A review of quality metrics in colonoscopy

Kathryn Chuquin, Patricia Sylla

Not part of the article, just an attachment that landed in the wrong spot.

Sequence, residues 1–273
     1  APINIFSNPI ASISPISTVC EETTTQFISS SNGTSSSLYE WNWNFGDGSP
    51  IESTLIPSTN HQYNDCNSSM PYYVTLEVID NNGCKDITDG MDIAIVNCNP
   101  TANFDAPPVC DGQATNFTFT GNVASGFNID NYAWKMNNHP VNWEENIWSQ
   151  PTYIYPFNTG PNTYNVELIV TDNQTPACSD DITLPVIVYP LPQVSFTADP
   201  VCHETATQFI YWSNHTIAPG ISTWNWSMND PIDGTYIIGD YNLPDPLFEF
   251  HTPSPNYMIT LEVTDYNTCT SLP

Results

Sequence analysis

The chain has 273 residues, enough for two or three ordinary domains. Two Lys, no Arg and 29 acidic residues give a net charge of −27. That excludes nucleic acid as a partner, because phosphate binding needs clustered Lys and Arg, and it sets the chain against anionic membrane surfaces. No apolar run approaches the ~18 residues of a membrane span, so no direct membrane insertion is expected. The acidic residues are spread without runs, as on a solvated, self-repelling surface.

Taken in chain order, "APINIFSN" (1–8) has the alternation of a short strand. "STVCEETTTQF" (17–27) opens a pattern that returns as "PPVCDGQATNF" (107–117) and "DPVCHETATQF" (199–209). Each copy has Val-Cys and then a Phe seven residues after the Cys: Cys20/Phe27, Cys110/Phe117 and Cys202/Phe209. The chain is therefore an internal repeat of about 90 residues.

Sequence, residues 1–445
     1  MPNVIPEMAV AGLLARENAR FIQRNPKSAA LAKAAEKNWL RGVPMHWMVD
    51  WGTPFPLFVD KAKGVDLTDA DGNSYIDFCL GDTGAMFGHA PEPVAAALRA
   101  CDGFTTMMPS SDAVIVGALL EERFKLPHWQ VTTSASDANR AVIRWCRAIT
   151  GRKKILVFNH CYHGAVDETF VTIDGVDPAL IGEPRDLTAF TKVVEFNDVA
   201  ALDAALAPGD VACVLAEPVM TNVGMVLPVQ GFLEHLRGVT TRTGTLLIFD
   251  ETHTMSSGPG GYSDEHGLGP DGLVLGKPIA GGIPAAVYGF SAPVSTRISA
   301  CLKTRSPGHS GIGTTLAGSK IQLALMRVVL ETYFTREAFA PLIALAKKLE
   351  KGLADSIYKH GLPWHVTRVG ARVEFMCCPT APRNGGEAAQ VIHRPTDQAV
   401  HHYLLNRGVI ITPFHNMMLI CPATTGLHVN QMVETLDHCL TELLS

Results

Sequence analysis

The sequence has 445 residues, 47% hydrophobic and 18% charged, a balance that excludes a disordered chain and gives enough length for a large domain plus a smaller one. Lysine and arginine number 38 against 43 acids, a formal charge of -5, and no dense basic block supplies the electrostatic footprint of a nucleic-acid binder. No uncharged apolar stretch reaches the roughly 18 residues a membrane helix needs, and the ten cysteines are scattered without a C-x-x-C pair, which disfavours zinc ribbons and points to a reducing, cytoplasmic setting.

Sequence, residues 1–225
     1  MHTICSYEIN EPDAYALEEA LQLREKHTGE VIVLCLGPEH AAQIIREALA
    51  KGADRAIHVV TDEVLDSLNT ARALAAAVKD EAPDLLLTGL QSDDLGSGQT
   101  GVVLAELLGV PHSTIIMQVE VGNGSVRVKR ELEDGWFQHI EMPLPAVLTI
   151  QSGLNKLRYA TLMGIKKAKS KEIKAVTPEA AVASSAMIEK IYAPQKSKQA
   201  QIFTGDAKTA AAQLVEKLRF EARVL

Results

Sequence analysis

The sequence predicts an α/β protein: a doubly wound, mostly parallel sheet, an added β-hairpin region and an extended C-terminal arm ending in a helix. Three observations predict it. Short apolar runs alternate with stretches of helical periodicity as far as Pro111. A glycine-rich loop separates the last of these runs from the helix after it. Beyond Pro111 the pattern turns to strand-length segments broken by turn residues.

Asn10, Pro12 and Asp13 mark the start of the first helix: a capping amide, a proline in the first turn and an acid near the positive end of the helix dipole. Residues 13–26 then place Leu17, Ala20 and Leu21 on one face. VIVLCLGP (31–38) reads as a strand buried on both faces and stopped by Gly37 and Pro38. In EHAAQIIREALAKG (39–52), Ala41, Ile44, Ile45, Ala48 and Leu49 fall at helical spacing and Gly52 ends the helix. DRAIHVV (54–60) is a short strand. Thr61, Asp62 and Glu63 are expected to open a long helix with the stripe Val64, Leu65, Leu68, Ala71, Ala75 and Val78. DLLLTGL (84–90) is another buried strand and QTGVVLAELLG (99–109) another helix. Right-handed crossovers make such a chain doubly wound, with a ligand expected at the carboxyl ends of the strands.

Colonoscopy is a commonly performed procedure with increasing use across medical specialties including gastroenterology, general surgery, colorectal surgery, and primary care. Over the past several decades, studies have demonstrated variation in colonoscopy quality with regard to adenoma detection rate and missed colorectal cancers among endoscopists within the same specialty and more significantly, across specialties. There is mixed literature suggesting that gastroenterologists may have better adenoma detection rates and colonoscopy completion rates than other specialists including surgeons, possibly related to practice volume and training. In an effort to standardize colonoscopy and improve overall outcomes, the American Society for Gastrointestinal Endoscopy and the American College of Gastroenterology Task Force on Quality in Endoscopy (ASGE/ACG) published a list of pre-, intra-, and post-procedure quality metrics in colonoscopy with associated performance targets. Surgeon endoscopists should be prepared to evaluate their performance based on these quality metrics. There is ongoing investigation into various new possible performance metrics in an effort to define exactly which metrics best correlate with clinical outcomes. In addition, the method to most accurately and efficiently document colonoscopy performance metrics and outcomes is not standardized, but the use of video recording especially in the era of the electronic medical record may be of value.